Geep
12-07-2011, 07:42
Although Specialist Games can be played for less initial cost, how many people have just one blood bowl team, mordheim warband, etc?
How many Warhammer armies have grown from a Mordheim Warband? (I know I have 2 that started this way)
There's a fair amount of possible crossover between many games systems, and if GW tried they could easily capitalise on this (current examples are Mordheim/ Warhammer, Necromunda or Gorkamorka/ 40K, Epic/ Aeronautica Imperialis/ BFG) (I know not all of these are Specialist Games, but they're similar)

Given the ever-increasing cost of the core games, Specialist Games provide both a great introduction and variety to keep the veterans interested.

Anaris
12-07-2011, 10:10
Bottom line is their strategy makes sense in the boardroom...

I rest my case.

Now, from a player who, exactly as you said, got into this hobby when he first opened Heroquest 23? years ago I would love to have all the specialist games supported again, but it's probably never going to happen.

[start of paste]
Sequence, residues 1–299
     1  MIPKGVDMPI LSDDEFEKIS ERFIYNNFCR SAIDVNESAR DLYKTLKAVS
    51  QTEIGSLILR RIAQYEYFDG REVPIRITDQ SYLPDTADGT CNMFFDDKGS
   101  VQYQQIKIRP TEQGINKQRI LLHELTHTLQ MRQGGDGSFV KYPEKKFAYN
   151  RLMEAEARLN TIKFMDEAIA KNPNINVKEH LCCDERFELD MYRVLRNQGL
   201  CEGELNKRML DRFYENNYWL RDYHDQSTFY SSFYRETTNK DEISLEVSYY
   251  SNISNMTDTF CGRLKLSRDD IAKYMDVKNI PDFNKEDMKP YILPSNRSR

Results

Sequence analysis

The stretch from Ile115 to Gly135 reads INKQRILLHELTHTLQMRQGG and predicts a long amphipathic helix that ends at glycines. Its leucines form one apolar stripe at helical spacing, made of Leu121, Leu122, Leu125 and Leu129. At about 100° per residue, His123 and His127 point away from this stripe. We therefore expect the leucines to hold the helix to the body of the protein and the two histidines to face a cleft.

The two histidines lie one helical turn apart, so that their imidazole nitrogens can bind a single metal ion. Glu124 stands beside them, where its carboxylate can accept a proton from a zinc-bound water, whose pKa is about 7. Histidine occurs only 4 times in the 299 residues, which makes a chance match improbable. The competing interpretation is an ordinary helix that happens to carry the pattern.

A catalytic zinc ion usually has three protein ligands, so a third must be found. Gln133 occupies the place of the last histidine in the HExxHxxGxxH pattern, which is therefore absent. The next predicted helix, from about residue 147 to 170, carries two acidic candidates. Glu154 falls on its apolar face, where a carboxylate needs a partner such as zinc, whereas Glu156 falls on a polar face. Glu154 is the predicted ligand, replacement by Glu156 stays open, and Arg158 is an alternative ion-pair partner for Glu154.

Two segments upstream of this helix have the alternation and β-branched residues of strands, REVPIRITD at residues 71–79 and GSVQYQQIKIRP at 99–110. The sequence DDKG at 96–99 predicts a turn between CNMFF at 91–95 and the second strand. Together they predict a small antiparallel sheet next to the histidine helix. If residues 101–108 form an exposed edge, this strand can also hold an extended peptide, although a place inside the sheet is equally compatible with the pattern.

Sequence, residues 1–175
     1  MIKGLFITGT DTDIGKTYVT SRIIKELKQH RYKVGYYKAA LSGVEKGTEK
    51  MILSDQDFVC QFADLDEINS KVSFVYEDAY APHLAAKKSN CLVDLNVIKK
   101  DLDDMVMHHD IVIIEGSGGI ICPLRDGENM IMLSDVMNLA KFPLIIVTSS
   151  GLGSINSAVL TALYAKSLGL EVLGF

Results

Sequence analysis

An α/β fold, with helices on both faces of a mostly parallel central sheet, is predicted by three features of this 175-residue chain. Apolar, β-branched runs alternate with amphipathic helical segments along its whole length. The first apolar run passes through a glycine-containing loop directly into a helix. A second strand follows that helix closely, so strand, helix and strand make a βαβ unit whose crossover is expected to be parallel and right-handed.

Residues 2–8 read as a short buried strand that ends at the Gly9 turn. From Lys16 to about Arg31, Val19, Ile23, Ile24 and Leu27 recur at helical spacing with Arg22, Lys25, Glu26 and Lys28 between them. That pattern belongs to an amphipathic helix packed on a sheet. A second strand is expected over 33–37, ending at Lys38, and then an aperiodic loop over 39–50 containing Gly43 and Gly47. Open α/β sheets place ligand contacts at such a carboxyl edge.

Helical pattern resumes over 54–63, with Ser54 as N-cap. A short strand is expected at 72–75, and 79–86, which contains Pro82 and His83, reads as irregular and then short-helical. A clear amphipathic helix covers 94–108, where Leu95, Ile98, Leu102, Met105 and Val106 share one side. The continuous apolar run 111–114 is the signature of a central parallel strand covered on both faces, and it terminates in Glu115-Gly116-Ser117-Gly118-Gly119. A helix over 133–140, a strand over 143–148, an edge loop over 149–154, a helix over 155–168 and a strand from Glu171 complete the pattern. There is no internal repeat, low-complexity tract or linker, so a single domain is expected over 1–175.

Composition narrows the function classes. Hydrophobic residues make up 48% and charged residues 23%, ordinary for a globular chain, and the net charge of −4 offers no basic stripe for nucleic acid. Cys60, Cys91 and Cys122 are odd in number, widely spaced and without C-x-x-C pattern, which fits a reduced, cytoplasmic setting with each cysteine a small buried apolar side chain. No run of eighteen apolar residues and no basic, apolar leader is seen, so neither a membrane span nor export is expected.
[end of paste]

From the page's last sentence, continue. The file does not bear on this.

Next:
Specialist Games are going to the way of the dodo. When you look at the evidence.

Removed from stores.
Unable to play the games in store on vets nights etc.
Model range not getting updated.
Rulebooks and the like left to the gaming community to update (LivingRulebooks)
Models which sell out are not being recast.
Metal models having to be remade in Finecast (probably never going to happen for Spec Games range).
Recent trip to Warhammer World showed that one section of the Minatures Hall was devoted to Spec Games and the display was limited to say the least.

I want them back as much as the next veteran player, but I really don't see it happening any time soon.

MarcoSkoll
12-07-2011, 10:36
Models which sell out are not being recast.
They're selling out and being recast all the time. What they're not doing is remaking the moulds that wear out.

myrdinn
12-07-2011, 11:39
Specialist Games are going to the way of the dodo.